As the rich began to remake the city, local leaders decided to take some power back in the mid-2000s, setting in motion the process of developing a vision for their community with their workforce at its center. By encouraging denser development within the space they had to work with, local leaders thought, they could potentially push back against the growth of posh, single-family residences within the city limits and retake their vision for the community from the market forces dictating their community’s growth. Too wealthy to access the traditional affordable housing incentives offered to other communities, Teton County and Jackson teamed up to introduce a suite of new incentives to encourage the private sector to take a chance on building affordable housing, including a square footage allotment for providing affordable housing and a Request for Proposal process to develop affordable housing on city-owned land.
“That plan really turned affordable housing in Jackson on its head,” said April Norton, director of the Jackson Teton County Affordable Housing Department.
The results, thanks to a renewed and aggressive strategy, have been intense. In the past, the local housing authority was building one project at a time, constructing 30 units here or a handful there. By opening the process up to the private sector, the community has accelerated that process, albeit at the cost of total control.
The community has been held back in other ways, however. Over the years, the small nodal communities surrounding the town like Wilson and South Park have had a strong aversion to development. And in the Legislature, Schwartz’s peers from around the state have either voted against legislation specifically designed to help their community — as was the case in a 2015 vote over a tightly targeted, optional real estate transfer tax designed to raise money for affordable housing — or created legislation to take away local control. This year, bills forced the construction of a private school that had been denied variances in the community. The state also considered ending the community’s practice of imposing workforce housing requirements on business owners, but the idea never made it to the floor for a vote.
“It’s not like the Legislature doesn’t have conversations that are only region specific,” Alex Norton said. “Sure, Teton County is an outlier, but other communities throughout the state are outliers as well. Ultimately, the Wyoming state statutes are set up to let cities figure out what solutions work well for them, and I think that is largely what Teton County is asking for. We’re not asking for anything other than the ability to implement solutions specific to Teton County.”
Facing an uncertain future
For all the success their policies have begun to have, Jackson has forced the community to look into a future many weren’t prepared for: larger buildings, for one, or a change in “community character,” whatever that means, for another. These fights resemble those fought in cities from Berkeley, California, all the way to New York, where local governments have found themselves having to take drastic measures to fight creeping inequality and the market forces behind it.
“You see these issues playing out in big cities and smaller towns all over the country,” said Hailey Levinson, a seven-year member of the Town Council. “Being on the Town Council, you tend to get really wrapped up in what’s happening right here and right now, but to step back at all that’s happening globally and nationally ... it’s a crazy time.”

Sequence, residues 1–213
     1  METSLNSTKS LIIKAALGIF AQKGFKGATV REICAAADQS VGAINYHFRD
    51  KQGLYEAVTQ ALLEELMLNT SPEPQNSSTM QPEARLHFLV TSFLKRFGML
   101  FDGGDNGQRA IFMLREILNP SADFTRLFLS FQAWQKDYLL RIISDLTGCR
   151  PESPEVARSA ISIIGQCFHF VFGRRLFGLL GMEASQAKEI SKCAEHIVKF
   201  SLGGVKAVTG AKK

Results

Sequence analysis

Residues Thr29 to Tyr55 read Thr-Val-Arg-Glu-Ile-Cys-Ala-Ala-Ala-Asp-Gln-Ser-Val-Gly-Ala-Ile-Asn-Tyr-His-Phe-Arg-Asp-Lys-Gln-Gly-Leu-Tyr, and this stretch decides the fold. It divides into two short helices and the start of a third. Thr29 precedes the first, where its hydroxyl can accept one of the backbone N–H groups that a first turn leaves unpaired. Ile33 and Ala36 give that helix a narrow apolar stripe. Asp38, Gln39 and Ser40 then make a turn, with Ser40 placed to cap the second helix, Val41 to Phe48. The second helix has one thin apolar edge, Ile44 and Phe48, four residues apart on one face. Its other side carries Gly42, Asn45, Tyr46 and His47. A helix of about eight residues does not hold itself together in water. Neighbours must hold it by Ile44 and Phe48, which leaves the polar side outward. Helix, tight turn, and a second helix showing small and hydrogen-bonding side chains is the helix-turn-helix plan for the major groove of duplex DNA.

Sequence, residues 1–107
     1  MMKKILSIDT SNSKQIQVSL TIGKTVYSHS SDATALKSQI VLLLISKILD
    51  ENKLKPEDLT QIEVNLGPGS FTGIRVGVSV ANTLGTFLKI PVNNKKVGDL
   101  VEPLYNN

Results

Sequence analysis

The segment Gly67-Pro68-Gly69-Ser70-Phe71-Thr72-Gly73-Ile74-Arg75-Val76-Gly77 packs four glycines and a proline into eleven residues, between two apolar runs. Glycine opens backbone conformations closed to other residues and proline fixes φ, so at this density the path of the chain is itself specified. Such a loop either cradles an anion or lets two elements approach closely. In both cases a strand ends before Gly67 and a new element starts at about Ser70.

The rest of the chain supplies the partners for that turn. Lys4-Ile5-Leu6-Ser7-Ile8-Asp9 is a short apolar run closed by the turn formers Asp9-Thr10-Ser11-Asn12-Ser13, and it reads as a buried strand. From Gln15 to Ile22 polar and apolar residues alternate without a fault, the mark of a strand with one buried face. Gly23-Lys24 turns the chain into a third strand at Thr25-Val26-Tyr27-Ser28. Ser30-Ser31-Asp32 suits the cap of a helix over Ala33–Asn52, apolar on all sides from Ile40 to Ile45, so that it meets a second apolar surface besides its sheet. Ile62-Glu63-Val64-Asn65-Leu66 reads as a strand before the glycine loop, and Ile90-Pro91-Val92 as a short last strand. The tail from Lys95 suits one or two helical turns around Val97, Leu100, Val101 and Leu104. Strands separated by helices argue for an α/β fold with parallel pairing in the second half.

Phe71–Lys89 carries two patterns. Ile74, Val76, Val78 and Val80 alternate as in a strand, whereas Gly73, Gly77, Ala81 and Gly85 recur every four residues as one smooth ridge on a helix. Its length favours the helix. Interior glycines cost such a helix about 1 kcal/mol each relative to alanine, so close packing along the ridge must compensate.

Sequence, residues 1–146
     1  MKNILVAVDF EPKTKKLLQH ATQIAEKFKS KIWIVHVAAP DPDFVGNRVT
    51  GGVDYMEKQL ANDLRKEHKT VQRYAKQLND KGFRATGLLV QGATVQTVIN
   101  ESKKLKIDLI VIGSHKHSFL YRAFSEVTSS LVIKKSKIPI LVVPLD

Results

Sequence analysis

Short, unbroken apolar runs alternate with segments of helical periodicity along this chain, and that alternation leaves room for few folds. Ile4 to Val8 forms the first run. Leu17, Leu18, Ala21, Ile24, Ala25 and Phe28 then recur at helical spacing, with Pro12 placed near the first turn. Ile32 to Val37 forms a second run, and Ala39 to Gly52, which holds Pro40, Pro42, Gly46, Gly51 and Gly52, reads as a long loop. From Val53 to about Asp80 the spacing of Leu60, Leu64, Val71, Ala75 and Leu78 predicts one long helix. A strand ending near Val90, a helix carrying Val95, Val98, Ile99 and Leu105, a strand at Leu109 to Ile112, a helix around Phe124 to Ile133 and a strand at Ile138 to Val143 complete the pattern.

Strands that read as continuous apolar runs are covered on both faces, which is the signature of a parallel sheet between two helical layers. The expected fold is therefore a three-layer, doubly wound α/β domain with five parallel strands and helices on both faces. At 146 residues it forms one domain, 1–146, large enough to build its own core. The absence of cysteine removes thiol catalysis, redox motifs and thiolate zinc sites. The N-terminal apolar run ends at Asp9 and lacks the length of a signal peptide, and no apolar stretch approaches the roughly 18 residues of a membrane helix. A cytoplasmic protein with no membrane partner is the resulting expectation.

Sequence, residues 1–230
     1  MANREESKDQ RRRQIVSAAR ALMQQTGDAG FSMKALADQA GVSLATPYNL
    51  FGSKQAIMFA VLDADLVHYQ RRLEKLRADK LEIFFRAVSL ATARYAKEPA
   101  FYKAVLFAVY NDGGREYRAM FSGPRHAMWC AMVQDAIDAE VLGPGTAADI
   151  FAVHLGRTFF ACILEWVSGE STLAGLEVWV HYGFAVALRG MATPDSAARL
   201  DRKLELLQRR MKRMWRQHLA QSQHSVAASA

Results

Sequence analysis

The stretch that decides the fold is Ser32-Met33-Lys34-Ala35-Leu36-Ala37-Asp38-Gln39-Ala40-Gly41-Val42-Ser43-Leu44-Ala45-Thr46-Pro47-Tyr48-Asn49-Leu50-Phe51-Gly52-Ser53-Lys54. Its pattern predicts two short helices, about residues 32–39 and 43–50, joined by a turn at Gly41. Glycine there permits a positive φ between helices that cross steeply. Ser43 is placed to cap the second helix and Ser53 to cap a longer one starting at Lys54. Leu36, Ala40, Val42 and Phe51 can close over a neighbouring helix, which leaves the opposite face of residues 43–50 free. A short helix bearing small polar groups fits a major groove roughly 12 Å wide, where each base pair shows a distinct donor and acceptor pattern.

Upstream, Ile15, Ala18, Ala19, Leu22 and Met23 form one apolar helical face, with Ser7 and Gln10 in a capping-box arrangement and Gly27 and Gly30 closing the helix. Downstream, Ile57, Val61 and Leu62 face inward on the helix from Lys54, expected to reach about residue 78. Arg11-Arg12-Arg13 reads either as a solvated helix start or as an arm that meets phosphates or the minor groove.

If nothing is done soon, many believe the average people — the softball coaches, the garbage men — will all be gone. The local game and fish office has struggled to remain open amid Jackson’s housing crisis and, for even the most essential services, the fabric of the community is beginning to fray.
“People love the job and they love where they’re doing it, but for how long are they willing to give up two hours of their day when they’re already working a 12-hour shift?” Jackson Police Chief Todd Smith said. “Fatigue becomes a factor and, just reflecting on the reasons they moved here to begin with, retention starts to become a factor here.”
If a police officer can’t find a way, neither can the ski bum with a dream of settling down. Flipping through affordable housing listings in line for coffee, Rog, the parks and rec worker, points to a property in the listings for an “affordable” rental — $1,475 a month for a two-bedroom, two-bath. Expensive, but doable.
He then flips to another property, this one for sale.
“If I were to buy this, the mortgage payment would be half of my income,” he said. “I think it’s hard to feel invested if there’s no chance of people buying here.”
As the problem of affordability has gotten worse, Norton said, the culture Jackson has been known for has started to change.
“They’re never getting immersed in our community,” she said. “They’re great people, but at the end of the day, they just want to go home to their families, to their communities. When we talk about housing the people in our communities, it’s because we want to keep them here. There’s something to be said about people who have lived here in 15-20 years.”
It’s something Rog senses as well — a resident who feels somehow detached from the rest of the community.
“When you live in a place where people are more stationary, you have more of a sense of community,” Rog said. “Here, you can walk down the street and say ‘Hi’ to someone you’ve seen a million times and they look at you like you’re crazy. There’s definitely a class thing going on. You have people living in mom and dad’s $5 million house and then you have us, the workforce.”
“As a kid, the Californians and Texans were moving into where I grew up in Colorado, buying up property and pushing out the ranchers, the Vietnam vets, all the really interesting characters that people love most about the West. ... They were all pushed away,” he added. “Then the taxes went up, the people ran for office ... it’s crazy to see it.”
Follow politics reporter Nick Reynolds on Twitter @IAmNickReynolds